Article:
On an ongoing basis, the program administrator has overall responsibility for ensuring the quality of care given; for the effectiveness, efficiency, and productivity of staff; and for planning future activities. Those responsibilities, particularly ensuring the quality of care, may be met through the work of others, but the administrator remains accountable for their success. That requires a well-trained, skillful manager.
Subacute care administrators need the same skills as administrators of other healthcare organizations. Administrators of nursing facilities must be licensed by the states, but hospital administrators are not. With subacute care being so new and being delivered in both types of facilities, what assurance is there that the administrators are qualified? The American College of Health Care Administrators developed a program to certify subacute care administrators. That program, with its study materials, provided both training of subacute care administrators and documentation of their skills. It was a voluntary certification, but it was eventually dropped because of lack of interest by the professionals and lack of requirement for it.
Management Challenges and Opportunities
There are many reasons for creating a subacute care unit or facility. It provides an organization with many opportunities for expanded services. It is a means of gaining or protecting a market niche. Even if it only means finding new uses for currently underutilized beds or facilities, subacute care has much to recommend it. However, converting to subacute care also presents some formidable challenges. Let us look briefly at some of them.
Changing the Culture of the Organization
Any time an organization moves from one type of care to another, there are likely to be some changes in its culture. Each organization has its own culture based on a set of principles and/or beliefs that determine acceptable behaviors. Subacute care is just developing its own distinct culture, borrowing from both hospitals and nursing facilities and their established organizational cultures. Yet, either of those entities wishing to move into the subacute care arena must make some fundamental changes as well.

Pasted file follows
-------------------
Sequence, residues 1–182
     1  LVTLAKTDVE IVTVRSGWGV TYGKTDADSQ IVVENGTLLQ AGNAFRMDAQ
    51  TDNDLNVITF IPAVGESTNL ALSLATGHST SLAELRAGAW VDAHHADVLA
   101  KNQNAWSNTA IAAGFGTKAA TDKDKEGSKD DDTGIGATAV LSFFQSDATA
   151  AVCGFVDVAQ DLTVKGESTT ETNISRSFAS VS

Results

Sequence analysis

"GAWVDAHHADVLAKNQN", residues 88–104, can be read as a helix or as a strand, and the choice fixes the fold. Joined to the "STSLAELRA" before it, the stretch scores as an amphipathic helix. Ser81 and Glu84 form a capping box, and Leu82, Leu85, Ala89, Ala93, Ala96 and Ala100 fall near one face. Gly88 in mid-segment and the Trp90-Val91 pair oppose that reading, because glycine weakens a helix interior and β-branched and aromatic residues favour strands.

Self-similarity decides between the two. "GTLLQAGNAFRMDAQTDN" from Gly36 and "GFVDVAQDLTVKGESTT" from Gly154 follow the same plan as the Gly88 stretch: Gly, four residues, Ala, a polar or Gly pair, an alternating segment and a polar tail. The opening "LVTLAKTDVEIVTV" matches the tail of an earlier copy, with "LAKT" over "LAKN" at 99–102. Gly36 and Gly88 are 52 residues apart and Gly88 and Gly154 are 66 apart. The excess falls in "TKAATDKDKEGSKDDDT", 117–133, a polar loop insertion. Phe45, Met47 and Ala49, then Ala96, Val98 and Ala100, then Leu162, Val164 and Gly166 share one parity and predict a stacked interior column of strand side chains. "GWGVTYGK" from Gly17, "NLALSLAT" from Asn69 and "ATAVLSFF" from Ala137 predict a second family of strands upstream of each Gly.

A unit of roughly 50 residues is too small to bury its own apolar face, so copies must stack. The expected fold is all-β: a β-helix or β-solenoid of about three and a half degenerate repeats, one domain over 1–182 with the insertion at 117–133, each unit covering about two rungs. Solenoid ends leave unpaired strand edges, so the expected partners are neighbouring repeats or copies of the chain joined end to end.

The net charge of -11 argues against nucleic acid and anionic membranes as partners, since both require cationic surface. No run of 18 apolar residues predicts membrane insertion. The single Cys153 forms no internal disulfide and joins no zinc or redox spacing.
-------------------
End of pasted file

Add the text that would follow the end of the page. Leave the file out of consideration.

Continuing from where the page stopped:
The dichotomy between nursing facilities and hospitals has been described as care versus cure. Acute care hospitals are accustomed to short lengths of stay, intensive medical and nursing care, and high-technology equipment. They, of necessity, place emphasis on curing the patient’s particular malady.
Nursing care facilities, on the other hand, are used to caring for their residents for long periods of time. They focus on the overall person and that person’s quality of life. Even the names given to these consumers of care reflect the differences. When in a hospital, they are called patients. When in a nursing facility, they are seen as residents.
Subacute care is more closely aligned with acute care. It requires relatively high-technology equipment. Services are aimed at treating a medical condition or functional limitation. Lengths of stay are shorter than in nursing facilities but longer than typical hospital lengths of stay. Required staffing patterns are higher than in nursing facilities but lower than in hospitals, both in terms of the staffing mix and the number of hours per day allocated to each patient.
The culture change involved in moving into subacute care is greater for nursing facilities than for hospitals. They must act more like acute care, turning their energies and resources to achieving short-term goals that center on improving a specific condition, instead of focusing on longer term goals related to the resident’s quality of life. They must change their staffing to more closely reflect a medical model of care.
Hospitals moving to subacute care have to change their culture as well. Lengths of stay are longer than those to which they have been accustomed. They must adapt to lower staffing levels. Patients in subacute care expect more amenities related to their personal comfort. They are there longer, are usually not as ill as when in an acute care setting, and expect their living quarters to be more homelike.
These changes in organizational culture are not impossible to achieve. Indeed, many subacute care units have successfully been created out of both hospitals and nursing facilities. The biggest obstacle to doing that is an organization’s inability or unwillingness to recognize that there are differences. It is not enough to simply change the name of a unit, transferring current attitudes and activities, and hoping it will work. Getting all staff, especially highly skilled physicians and nurses, to change their fundamental way of functioning is a challenge for any subacute care administrator.
Balancing Cost and Quality